Alaska ferries consider onboard slot machines for revenue boost

Alaska ferries consider onboard slot machines for revenue boost

In a bid to boost revenue for the Alaska Marine Highway System (AMHS), a bill proposing the introduction of Las Vegas-style slot machines aboard state ferries is making waves in Juneau – the capital of the Last Frontier. Jesse Sumner, Representative from Wasilla, has revived House Bill 197 (HB 197), which aims to establish a legal framework for travelers on the AMHS’ ferry boats to engage in gambling on electronic gaming machines, commonly called slots.

In spite of facing several hurdles last year, Rep. Sumner is quite optimistic about the potential tax benefits that slots could generate for the AMHS, which is currently operating at a loss. The state representative emphasizes that the introduction of electronic gaming on ferries could make a substantial contribution to revenue through fees, taxes etc., just like to land-based casinos. He envisions a positive impact on Alaska’s economy by attracting new tourists and stimulating regional growth through reinvestment of gaming-related revenue.

Speaking on the topic, Rep. Summer said, “The introduction of electronic gaming on AMHS ferries has the potential to generate additional revenue through fees, taxes, and a percentage of gaming income, similar to land-based casinos, contributing to the funding of maritime services.”

The proposed legislation would activate slot machines once the ferries sail three miles from land, adhering to the state’s current law that prohibits casino gambling within its boundaries. As per preliminary estimates, slots on ferries could generate an annual revenue of $20 million for the state through taxes.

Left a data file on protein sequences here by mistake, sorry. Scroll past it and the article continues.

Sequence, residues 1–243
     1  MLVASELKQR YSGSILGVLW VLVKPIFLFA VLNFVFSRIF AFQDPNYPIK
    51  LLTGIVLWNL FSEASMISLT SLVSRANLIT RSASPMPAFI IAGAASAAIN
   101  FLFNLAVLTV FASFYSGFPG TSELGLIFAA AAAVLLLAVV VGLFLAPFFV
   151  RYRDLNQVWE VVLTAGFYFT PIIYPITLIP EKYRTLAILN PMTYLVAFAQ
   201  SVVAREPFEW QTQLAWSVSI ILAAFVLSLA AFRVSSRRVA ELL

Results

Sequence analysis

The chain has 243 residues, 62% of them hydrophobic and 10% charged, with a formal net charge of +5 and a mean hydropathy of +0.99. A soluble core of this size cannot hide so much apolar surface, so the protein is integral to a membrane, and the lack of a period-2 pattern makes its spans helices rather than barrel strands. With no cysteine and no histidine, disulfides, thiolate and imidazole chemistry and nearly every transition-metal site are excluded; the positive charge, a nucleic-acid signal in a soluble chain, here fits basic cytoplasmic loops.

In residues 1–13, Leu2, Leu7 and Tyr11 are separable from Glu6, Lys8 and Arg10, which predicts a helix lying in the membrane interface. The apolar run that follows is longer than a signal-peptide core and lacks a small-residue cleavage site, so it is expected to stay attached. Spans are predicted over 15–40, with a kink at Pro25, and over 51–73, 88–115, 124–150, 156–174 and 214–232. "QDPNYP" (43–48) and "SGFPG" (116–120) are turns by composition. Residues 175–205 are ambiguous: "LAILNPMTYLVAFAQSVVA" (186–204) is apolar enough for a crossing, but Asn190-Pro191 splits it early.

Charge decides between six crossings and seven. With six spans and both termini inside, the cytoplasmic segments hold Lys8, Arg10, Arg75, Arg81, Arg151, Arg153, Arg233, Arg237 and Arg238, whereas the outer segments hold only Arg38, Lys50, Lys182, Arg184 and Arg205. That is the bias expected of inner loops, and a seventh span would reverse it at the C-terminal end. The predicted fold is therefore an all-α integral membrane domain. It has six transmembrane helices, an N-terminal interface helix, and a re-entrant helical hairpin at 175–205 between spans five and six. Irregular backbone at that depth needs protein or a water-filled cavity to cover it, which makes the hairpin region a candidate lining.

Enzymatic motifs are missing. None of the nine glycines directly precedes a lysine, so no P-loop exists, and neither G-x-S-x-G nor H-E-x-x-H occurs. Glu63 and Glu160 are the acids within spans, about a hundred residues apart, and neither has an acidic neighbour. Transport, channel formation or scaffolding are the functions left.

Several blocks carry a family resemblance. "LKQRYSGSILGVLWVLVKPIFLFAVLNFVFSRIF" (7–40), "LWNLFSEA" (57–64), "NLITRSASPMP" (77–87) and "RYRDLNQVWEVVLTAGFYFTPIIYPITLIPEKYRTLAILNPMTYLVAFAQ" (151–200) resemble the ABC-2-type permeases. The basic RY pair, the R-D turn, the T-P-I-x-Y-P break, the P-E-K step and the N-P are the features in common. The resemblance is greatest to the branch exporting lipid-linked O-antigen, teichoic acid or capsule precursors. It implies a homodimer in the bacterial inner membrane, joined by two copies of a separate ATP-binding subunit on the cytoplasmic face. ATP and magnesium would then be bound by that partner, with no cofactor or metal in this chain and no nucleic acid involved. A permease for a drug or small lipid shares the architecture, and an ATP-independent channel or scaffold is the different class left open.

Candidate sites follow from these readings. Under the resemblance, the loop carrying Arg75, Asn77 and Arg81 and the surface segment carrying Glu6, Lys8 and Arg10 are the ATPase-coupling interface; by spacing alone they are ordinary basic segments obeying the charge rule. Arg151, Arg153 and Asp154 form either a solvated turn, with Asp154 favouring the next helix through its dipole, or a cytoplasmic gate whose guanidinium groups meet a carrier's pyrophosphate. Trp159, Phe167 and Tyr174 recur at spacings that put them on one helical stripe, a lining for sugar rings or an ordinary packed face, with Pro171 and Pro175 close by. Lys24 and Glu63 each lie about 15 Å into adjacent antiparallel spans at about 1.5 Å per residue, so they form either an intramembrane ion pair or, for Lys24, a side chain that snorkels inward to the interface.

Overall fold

However, opponents argue that the bill in question, which is currently in a draft form, would limit slot machines to a few routes, as most of the ferries that are currently operating stay within three miles of the shore. To address this, supporters of the bill suggest rerouting the ferries to ensure compliance with the three-mile condition.

AMHS Marine Director Craig Tornga points out that only ferries operating between Kodiak Island and the mainland, Dutch Harbor across the Gulf of Alaska, and certain zones within Prince William Sound currently sail beyond three miles offshore. Critics are also concerned about the aging ferries' capacity to meet the extensive electrical needs of slot machines.

While opponents worry about the potential adverse impact of introducing slots on ferry rates, which are already considered quite expensive, Rep. Sumner remains determined to move ahead with the proposed bill to generate a new revenue stream for the AMHS.

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